Also, an Indiana municipality, East Chicago, recently consummated a deal that will create the state’s only privately-owned toll bridge to replace an existing bridge that has been declared unsafe, reports the Bond Buyer.
Are these kinds of deals in Maryland’s future? It’s hard to say. Existing public-private partnerships elsewhere come in a wide variety of configurations outside of traditional government funding methods. They include leases such as the Port of Baltimore’s Seagirt deal, private loan programs and outright private ownership of assets from bridges to water systems and even parking meters.
Maryland could be fertile territory for an aggressive push for transportation-related public-private partnerships, if only because the state’s own traditional funding source for new capital projects – the Transportation Trust Fund – suffers from chronic revenue stagnation. And lawmakers in Annapolis have clearly demonstrated their reluctance to address our state’s continuing crisis in funding transportation infrastructure.
Maryland law currently allows public-private partnerships under a variety of circumstances. In this year’s General Assembly session, however, an administration bill intended to set practical, efficient and uniform state policy for the development of such partnerships prompted an inordinate amount of tinkering from lawmakers and special-interest advocates. Though different versions of the bill passed each chamber, consensus legislation was not achieved before the session ended.
This raises the question of whether new legislation out of Annapolis on public-private partnerships would ultimately encourage or discourage the development of them.
What should good public-private partnership policy look like? Basically, it should allow for competitiveness, but cultivate reasonably expedited initiatives with appropriate, but restrained legislative oversight.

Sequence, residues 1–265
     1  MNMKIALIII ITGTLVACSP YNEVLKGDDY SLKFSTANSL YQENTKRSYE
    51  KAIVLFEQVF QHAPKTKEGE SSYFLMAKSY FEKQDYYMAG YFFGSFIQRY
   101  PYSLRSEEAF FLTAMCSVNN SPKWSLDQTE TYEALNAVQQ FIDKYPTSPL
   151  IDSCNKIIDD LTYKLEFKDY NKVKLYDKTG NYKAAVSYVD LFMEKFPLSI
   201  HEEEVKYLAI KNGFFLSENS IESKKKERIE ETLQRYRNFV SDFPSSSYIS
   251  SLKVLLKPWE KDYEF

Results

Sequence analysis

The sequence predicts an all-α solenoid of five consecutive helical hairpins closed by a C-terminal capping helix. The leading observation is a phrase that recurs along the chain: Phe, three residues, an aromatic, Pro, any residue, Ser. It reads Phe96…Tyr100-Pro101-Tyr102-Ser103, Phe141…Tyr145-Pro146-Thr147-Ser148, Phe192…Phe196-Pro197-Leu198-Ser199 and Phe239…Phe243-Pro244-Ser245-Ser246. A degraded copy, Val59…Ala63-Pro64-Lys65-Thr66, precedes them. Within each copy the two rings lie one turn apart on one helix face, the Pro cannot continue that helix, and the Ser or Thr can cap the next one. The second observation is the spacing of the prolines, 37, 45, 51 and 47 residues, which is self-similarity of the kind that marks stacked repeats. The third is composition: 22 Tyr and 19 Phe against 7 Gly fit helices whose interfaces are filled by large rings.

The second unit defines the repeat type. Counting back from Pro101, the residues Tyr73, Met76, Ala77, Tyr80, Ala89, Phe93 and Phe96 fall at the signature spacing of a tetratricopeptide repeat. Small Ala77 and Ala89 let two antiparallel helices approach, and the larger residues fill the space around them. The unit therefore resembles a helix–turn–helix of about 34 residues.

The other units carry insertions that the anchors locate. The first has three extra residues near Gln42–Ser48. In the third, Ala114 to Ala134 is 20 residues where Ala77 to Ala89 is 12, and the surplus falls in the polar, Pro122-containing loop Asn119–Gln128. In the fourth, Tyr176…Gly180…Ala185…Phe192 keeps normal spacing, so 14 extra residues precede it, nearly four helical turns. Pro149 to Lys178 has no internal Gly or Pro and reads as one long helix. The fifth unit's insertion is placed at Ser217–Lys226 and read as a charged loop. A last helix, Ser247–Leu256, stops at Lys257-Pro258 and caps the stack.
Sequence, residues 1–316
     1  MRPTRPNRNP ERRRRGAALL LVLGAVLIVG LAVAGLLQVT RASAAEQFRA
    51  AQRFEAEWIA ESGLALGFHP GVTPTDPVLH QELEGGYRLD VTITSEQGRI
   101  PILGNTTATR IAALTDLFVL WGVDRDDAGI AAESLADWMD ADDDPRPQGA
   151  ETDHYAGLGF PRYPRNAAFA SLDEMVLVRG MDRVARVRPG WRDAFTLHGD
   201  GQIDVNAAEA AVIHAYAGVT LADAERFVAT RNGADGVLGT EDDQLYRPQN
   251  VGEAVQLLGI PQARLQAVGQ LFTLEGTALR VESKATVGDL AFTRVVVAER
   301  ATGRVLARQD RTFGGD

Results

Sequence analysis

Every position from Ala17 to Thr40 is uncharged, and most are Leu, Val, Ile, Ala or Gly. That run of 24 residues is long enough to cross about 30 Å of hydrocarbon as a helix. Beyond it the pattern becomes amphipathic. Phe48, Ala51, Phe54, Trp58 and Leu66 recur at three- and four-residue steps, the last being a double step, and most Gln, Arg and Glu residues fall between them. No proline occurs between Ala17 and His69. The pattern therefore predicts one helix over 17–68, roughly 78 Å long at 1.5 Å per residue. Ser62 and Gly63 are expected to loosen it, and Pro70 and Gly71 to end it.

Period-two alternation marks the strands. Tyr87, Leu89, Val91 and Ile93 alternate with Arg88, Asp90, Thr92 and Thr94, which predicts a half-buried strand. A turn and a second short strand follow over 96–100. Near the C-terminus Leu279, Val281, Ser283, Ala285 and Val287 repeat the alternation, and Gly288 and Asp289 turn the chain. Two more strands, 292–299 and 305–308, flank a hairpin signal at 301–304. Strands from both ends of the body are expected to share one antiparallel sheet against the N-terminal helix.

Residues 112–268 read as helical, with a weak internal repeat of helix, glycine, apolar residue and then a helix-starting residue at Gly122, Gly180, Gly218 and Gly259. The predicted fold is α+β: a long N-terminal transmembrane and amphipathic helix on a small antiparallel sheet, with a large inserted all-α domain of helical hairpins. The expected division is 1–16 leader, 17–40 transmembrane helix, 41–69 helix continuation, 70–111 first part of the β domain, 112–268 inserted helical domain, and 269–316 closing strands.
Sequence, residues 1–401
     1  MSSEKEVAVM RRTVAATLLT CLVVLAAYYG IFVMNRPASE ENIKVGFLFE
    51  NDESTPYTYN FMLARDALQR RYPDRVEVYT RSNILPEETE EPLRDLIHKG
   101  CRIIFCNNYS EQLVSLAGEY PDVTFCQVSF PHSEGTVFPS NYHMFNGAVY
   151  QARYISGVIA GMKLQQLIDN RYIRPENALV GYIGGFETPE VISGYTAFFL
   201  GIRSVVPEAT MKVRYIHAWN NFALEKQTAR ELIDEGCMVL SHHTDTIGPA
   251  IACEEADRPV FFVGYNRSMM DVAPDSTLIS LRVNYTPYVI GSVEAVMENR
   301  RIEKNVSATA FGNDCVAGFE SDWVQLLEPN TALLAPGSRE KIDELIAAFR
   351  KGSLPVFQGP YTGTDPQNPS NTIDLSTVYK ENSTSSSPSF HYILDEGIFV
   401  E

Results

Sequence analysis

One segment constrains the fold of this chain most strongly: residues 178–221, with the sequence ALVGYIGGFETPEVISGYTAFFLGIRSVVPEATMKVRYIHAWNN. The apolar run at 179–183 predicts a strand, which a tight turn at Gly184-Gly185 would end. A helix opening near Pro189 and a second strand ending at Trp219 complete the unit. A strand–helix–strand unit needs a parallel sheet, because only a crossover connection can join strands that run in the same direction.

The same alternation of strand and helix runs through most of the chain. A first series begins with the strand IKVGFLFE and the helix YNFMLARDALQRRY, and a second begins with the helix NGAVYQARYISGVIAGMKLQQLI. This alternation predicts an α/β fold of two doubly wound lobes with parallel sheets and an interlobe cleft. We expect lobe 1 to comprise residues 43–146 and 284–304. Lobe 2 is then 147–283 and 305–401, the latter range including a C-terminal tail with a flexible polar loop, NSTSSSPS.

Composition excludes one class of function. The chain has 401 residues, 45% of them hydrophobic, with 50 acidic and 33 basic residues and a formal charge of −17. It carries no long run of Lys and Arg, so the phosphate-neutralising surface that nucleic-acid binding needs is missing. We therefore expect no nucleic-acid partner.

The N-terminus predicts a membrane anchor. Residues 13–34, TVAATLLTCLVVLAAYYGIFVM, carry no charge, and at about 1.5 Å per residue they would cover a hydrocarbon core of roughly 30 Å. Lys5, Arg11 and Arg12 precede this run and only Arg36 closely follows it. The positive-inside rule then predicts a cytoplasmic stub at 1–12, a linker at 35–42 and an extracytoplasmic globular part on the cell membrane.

For example, it’s logical that lawmakers – particularly budget committees – be aware of and understand the nature of proposed public-private partnership initiatives as they are being developed. But once formal legislative review begins, it should be reasonably expedited. A review process of prolonged delays does not work well with private-sector time frames.
It’s very important to carefully plan prospective public-private partnership agreements to protect state interests. But it’s critical that such initiatives be conducted within a time frame consistent with private-sector contract negotiations and with a minimum of legislative intrusion. Government must act with a sense of urgency in its evaluation process. An inordinate delay could impact interest rates driving the cost of the project higher and causing the terms to be subject to renegotiation.
Can we successfully achieve beneficial policy for taking full advantage of opportunities to leverage private-sector resources in funding infrastructure and other badly-needed public assets in Maryland? I believe that we can.
But we must effectively find opportunities to take advantage of a good concept that is already legal in Maryland, establish a culture of efficiency and predictability in the public sector review process, and avoid piling on with debilitating bureaucracy and mandates.